Welcome back to the Football Manager 2020 story Taking on the World. This FM20 story is a classic journeyman save as we attempt to travel around the world and ticking off as many countries as we can.
The aim of this FM20 story is not to stay at the same club for more than one full season. I am not allowed to accept a job offer from another club in the same country if I am already managing a club in that country. There are no limits on how many times I can manage in one country – but I cannot return until at least two seasons later. The only exception is I am allowed to return to one country once straight away if I get sacked – this rule can be used once only.
From Australia to Scotland or even South Africa – we’re covering the globe!
Last time we met I had just became the boss of Luton and the Uzbekistan national team. In this update, we will take a look at how both the World Cup and the Asian Nations Cup went for my national side, whilst we also take a look at my first full season at Luton. Furthermore, my contract is coming to the end at The Hatters, should I stay in England or move?
2022 Qatar World Cup
To start with, we’re going to talk about my efforts with the Uzbekistan national team. Starting off with the 2022 World Cup, which was held in December 2022 due to being hosted in Qatar.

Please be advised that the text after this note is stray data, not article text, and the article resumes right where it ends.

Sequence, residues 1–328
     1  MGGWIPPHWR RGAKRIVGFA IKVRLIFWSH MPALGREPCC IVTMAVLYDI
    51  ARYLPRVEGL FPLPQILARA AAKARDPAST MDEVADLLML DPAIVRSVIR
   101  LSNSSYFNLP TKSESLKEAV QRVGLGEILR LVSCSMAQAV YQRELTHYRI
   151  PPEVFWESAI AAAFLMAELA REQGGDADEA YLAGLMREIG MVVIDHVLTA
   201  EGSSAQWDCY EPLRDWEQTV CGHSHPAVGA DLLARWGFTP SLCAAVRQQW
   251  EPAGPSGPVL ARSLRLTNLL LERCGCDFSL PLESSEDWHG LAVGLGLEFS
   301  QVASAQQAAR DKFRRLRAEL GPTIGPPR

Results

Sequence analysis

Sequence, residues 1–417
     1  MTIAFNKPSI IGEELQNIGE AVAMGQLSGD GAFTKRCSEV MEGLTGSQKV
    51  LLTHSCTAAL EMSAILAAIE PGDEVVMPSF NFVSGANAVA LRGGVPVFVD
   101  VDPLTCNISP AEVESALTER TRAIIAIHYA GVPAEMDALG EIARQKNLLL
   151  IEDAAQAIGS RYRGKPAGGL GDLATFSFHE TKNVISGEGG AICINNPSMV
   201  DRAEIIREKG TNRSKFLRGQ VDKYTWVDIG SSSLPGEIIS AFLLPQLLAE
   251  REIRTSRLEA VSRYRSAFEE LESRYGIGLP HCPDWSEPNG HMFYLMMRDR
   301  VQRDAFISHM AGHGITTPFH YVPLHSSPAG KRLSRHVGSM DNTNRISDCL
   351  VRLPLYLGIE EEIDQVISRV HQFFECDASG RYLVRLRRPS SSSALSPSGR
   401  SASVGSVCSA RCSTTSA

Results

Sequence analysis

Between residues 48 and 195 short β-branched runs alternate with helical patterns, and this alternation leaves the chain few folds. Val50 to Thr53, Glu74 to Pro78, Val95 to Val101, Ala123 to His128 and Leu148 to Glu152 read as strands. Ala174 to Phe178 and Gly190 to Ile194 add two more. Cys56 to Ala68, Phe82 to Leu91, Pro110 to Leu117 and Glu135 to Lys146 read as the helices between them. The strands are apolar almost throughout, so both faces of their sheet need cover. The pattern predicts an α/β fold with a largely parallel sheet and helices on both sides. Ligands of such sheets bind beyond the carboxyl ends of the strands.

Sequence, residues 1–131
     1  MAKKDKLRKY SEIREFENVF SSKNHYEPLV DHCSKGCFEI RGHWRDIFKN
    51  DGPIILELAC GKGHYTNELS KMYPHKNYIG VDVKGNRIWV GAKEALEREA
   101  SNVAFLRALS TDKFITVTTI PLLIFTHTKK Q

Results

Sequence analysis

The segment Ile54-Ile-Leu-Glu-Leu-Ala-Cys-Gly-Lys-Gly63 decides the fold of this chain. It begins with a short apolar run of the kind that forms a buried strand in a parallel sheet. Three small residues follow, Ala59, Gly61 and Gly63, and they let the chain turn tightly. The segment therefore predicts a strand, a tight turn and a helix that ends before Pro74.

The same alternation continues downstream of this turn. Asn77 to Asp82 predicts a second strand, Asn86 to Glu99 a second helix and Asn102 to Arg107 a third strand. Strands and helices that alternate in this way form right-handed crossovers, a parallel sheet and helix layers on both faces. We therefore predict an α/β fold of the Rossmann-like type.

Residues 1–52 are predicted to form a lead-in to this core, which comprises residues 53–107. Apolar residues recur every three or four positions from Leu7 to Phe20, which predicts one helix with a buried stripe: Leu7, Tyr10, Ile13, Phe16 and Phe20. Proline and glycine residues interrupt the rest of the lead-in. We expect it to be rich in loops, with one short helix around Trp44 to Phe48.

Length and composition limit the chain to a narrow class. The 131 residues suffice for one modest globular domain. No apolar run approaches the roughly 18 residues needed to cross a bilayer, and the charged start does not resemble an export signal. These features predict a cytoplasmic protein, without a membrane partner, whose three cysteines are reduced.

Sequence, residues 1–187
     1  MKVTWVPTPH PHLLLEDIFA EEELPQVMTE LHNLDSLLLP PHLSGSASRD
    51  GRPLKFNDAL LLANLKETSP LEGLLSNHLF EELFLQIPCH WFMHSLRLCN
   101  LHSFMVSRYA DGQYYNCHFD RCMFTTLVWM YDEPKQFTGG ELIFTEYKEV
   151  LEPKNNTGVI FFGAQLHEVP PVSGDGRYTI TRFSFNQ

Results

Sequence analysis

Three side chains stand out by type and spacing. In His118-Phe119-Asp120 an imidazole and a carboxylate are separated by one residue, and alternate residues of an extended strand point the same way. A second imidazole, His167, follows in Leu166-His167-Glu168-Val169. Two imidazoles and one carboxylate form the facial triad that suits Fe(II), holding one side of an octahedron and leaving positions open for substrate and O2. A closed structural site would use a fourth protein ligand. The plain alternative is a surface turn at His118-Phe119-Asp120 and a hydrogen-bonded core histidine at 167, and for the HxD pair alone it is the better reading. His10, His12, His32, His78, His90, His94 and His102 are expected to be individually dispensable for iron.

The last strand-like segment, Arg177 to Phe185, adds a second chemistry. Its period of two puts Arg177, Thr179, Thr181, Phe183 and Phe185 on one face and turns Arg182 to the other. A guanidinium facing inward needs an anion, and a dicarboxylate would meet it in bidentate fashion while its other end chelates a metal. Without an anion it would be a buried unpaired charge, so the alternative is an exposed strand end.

This was the first ever appearance of Uzbekistan at the finals. Realistically there was no expectations to get any further than the group stage.
We got drawn into Group B alongside Italy, Scotland and Uruguay. I wasn’t expecting anything from the group at all so I was pleasantly surprised when we managed to take a point from the Scotland match. We finished fourth with a record of 0-1-2, scoring two goals, conceding 6. We also finished on a negative goal difference of 4 along with a single point.
Sticking with the same tactic I have been using for both my club and national jobs since I moved to China a few years back, albeit with a few tweaks in order to adapt it against better quality oppostions such as Uruguay and Italy.
I changed the mentality from ‘Positive’ to ‘Cautious’ in order to limit the amount of attacks we would have in order to reduce the chance of giving the ball away. There was also changes to some of the instructions commonly during my match including distributing to centre backs to long ball tactics. I felt this was the best method of trying to win games, scoring a freak goal and then defending the lead.